Within a span of three days, we received four notes, one of them 4 pages long, detailing our son's actions for the day. If the school is able express themselves regarding our son's actions, why couldn't they assist with guiding him in social development? Our son was accustom to adult interaction, which is why we decided to place him in a preschool. I'm not saying our three year old is an angel, but he is three years old! This is the age where they need guidance. My husband and I would "drill" into our son's head rules he needed to remember (i.e. that hitting and kicking are not okay), but then we realized that it seemed like we were "brainwashing" him when he would reply back what the rules were. How could we continue to enforce the drill when he wasn't doing it around us, at least enforce it to the degree that we were with him? I understand repetition is important at this age, but it's not as effective as teaching him when the incident occurs.

I think the Preschool is great for children who have been exposed to regular play dates, played with other children their age on a playground or park (not just independent play). The curriculum is great, and the atmosphere is nice. For kids who have had minimal to no exposure...I highly recommend that you spend the extra money and take them to a Montessori school. It will be well worth it because their administrators have successfully acclimated children and taught them a variety of skills necessary to succeed in school and life. That's what we're going to do, and I truly believe that our son will have a better chance at success learning and mastering those skills from teachers and administrators who take the time to teach instead of concerning themselves over how many kids they can fill a classroom.


  • Sc
    scottmatt Apr 15, 2010

    CCP is a good preschool with great teachers.

    Beware, however, parents with preschool-age children about to move on to kindergarten. You might be disappointed. Why?

    CCP uses a testing system called "Chancy-Bruce" developed by two child-education experts in Huntington Beach. This test screens for a variety of skills, including Gross Motor, Visual Memory, Comprehension, etc. That's standard fare for a 4-5 year old entering kindergarten.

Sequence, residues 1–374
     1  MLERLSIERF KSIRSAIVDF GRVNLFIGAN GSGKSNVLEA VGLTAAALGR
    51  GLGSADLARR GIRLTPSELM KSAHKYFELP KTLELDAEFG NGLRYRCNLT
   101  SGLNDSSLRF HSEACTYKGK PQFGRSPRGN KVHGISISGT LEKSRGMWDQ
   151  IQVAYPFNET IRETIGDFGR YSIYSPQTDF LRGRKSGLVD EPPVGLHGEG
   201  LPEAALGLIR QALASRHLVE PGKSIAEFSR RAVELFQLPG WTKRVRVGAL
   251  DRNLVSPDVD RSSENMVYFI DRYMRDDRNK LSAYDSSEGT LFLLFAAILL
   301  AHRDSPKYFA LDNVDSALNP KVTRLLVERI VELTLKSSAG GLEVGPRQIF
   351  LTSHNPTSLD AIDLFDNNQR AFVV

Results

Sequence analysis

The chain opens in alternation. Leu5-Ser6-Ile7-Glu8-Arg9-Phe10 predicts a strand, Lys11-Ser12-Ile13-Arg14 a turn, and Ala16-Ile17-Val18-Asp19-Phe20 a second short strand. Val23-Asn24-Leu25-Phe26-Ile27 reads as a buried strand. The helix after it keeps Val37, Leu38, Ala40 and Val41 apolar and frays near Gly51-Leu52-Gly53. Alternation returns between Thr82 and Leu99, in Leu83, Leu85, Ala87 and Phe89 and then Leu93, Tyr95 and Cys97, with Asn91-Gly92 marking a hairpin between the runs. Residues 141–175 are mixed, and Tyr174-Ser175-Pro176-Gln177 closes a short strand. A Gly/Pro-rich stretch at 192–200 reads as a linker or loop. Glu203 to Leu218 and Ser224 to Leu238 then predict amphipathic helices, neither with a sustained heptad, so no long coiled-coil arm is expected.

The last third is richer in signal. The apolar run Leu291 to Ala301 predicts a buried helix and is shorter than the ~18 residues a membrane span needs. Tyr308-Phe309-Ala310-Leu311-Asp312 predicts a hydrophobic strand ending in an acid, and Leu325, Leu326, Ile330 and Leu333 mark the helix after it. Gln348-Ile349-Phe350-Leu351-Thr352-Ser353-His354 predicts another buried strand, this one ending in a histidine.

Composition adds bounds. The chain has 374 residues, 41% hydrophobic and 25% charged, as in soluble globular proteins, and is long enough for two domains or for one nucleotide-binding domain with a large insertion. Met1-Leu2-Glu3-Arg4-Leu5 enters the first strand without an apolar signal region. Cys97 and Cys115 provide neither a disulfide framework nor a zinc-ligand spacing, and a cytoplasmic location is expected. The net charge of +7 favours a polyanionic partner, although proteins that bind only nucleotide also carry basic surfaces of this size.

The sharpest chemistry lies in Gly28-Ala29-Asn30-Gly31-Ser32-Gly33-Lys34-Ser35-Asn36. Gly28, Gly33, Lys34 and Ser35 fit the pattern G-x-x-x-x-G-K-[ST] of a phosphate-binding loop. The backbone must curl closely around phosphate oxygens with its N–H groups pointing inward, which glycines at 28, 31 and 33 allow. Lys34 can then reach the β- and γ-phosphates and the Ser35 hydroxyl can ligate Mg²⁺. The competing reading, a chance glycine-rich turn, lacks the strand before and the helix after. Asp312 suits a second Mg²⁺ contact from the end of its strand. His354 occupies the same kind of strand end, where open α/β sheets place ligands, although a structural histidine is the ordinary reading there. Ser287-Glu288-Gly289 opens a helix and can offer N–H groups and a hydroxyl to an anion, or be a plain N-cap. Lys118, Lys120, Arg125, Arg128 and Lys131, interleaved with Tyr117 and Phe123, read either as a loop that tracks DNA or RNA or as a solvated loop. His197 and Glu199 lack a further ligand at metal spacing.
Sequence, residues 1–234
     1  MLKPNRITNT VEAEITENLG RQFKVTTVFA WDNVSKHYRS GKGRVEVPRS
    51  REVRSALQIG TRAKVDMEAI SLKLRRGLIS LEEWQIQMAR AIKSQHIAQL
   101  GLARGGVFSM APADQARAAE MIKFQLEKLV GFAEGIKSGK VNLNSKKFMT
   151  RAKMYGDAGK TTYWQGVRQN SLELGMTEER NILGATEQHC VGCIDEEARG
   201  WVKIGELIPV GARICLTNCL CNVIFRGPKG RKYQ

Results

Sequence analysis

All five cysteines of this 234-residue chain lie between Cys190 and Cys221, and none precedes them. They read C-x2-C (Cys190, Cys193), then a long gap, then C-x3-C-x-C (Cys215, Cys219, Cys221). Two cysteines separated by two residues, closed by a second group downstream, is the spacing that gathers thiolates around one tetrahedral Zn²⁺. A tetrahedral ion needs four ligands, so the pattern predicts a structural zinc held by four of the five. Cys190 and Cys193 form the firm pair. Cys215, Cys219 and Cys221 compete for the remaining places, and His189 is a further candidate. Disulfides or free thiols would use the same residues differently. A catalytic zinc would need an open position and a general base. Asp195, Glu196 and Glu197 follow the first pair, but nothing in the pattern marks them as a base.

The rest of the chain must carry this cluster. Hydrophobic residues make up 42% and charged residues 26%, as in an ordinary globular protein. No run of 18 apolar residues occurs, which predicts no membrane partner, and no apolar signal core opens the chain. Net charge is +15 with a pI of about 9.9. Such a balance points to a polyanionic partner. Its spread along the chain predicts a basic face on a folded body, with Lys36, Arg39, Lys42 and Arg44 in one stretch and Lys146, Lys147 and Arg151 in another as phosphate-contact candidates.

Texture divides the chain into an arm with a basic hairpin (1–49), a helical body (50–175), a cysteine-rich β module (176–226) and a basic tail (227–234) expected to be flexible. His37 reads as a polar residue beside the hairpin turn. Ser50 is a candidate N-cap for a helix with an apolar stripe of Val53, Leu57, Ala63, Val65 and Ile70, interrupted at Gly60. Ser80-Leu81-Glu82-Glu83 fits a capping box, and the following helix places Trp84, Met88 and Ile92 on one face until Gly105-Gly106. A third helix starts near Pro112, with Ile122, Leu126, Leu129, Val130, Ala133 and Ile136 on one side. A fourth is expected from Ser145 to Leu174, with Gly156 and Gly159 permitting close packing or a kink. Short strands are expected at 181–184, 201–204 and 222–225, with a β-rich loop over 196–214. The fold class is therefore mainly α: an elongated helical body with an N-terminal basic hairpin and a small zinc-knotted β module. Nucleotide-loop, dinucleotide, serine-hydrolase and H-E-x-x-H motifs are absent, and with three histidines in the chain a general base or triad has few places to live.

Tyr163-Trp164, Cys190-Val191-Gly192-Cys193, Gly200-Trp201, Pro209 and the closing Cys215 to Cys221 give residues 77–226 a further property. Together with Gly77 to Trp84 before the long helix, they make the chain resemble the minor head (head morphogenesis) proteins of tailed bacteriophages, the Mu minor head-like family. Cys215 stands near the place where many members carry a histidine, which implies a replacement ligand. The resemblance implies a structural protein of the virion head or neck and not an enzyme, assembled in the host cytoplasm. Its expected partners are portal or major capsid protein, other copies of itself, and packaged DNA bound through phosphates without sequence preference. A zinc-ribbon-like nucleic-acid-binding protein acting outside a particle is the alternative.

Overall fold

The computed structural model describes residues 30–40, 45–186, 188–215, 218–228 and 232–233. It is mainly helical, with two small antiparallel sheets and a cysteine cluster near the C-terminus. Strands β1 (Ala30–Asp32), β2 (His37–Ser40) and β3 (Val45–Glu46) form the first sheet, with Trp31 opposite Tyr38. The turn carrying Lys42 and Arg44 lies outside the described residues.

What's not standard is the fact that this method seeks to get the results of a 5 1/2-year-old. In other words, the bar is set higher than the actual age of most preschoolers.

    My son, for example, was 4 years, 8 months, when he tooks this test. All his results came out 4 yrs, 9 months or even much higher. Upon initial examination, my wife and I were happy with that.

    But then we got into the parents meeting, where the Preschool Administrator opened the evening by talking about the "gift of time." It made us wonder what was going on. Very quickly, we realized that Crystal Cathedral Kindergarten is looking for kids who are working beyond grade level. In other words, it is their unspoken policy to hold children back a year, even those who are working at the level they SHOULD be at.

    I asked Mrs. Bruce herself if most kids who turn 5 between May-Sept fail this test, and she said yes. If your child's birthday is late summer, that number goes up to 75 or 80 percent (exact number not given by Mrs. Bruce).

    My deduction? CCP wants you to hold your child back. Is it so they can get another year of tuition? Is it because they want high test scores for their kindergarten class? Or is because both the Preschool Principal and Mrs. Bruce herself have kids who were held back and therefore are advocates of this theory?

    Again, CCP is a good preschool, but parents, be ready to be blindsided if you think you child is moving on to kindergarten there.

    0 Votes
  • Ca
    Carol Milner Mar 22, 2010

    I LOVE the Crystal Cathedral Preschool. My son NEVER cries when left and talks about his teachers and friends like they are family. As a parent who home-schooled my first three children, putting my last son in preschool was a very difficult decision. Though I miss having my time with him at home, I wouldn't change the CCPS alternative for anything. The staff at CCPS are the only reason I don't grieve round the clock having to say "Good-bye". My son has been at the school for 1.5 years. I can say that it does make a difference, in my opinion, if you put a child in when they are used to being at home. I know this from my first children. I have to admit, after seeing both sides, I think my youngest is better socialized and he is LOVING life. CCPS rocks!

    0 Votes